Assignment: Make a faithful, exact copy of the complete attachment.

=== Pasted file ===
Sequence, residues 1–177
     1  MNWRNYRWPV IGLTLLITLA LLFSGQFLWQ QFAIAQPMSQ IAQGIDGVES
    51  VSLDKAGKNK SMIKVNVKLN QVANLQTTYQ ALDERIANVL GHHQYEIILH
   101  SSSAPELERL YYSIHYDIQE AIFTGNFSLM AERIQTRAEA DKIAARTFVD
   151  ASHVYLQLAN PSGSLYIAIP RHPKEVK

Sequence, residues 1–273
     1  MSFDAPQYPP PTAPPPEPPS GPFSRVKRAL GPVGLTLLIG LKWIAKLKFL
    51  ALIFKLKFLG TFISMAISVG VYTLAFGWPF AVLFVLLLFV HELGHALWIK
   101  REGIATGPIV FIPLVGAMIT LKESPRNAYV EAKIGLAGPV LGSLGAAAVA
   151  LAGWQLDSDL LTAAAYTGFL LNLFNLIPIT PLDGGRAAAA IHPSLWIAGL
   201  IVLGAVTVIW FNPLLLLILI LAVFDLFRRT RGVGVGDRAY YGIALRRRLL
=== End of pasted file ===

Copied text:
Sequence, residues 1–177
     1  MNWRNYRWPV IGLTLLITLA LLFSGQFLWQ QFAIAQPMSQ IAQGIDGVES
    51  VSLDKAGKNK SMIKVNVKLN QVANLQTTYQ ALDERIANVL GHHQYEIILH
   101  SSSAPELERL YYSIHYDIQE AIFTGNFSLM AERIQTRAEA DKIAARTFVD
   151  ASHVYLQLAN PSGSLYIAIP RHPKEVK

Sequence, residues 1–273
     1  MSFDAPQYPP PTAPPPEPPS GPFSRVKRAL GPVGLTLLIG LKWIAKLKFL
    51  ALIFKLKFLG TFISMAISVG VYTLAFGWPF AVLFVLLLFV HELGHALWIK
   101  REGIATGPIV FIPLVGAMIT LKESPRNAYV EAKIGLAGPV LGSLGAAAVA
   151  LAGWQLDSDL LTAAAYTGFL LNLFNLIPIT PLDGGRAAAA IHPSLWIAGL
   201  IVLGAVTVIW FNPLLLLILI LAVFDLFRRT RGVGVGDRAY YGIALRRRLL